The Department of Health has defended its new framework for handling complaints about adult social care services, after plans for its implementation were attacked by adult directors.
The streamlined system, which comes into effect on 1 April, requires all local authorities in England to introduce more accessible, flexible arrangements which can be tailored to the needs of individual complainants.
The DH came under fire after the Association of Directors of Adult Social Services said councils had been given too little time to prepare, and faced “major problems” in implementing the new procedures.
The Department published guidelines on 26 February and laid down regulations before Parliament the next day, just one month before they come into effect.
DH: no major legal requirements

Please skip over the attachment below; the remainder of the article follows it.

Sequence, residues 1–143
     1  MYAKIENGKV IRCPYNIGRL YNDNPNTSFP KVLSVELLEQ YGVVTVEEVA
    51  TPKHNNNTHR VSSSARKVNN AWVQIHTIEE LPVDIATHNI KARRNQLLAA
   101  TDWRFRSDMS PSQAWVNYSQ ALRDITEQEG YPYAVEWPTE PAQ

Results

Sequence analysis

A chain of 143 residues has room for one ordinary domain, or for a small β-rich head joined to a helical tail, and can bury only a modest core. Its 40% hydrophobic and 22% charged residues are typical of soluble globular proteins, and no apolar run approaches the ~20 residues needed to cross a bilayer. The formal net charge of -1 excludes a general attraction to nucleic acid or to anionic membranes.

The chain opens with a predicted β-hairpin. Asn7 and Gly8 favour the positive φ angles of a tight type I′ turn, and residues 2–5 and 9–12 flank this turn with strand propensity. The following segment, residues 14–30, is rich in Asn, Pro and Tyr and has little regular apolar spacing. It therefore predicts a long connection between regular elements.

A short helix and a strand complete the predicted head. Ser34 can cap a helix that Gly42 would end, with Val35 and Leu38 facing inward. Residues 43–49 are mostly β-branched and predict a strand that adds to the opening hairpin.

However, a DH spokesperson said the reforms did not place councils under the burden of any “major new legal requirements”. Instead, the most important requirement would be cultural change, to ensure councils listened to and learned from service users’ complaints.
The spokesperson added: “Successive reports have found that many complaints take too long to resolve and services do not try to systematically learn from mistakes.
“The new approach being introduced on 1 April has been widely consulted on and tested with health and social care organisations in the last few years. The regulations and the guidance published last week have been directly informed by this work and the widely accepted principles of good practice.
“Many organisations are already good at resolving and learning from mistakes but, for those who are not, the changes will encourage a culture that listens and learns.”
Improvements to the way health and social care complaints are handled were promised in the 2006 white Our Health, Our Care, Our Say white paper.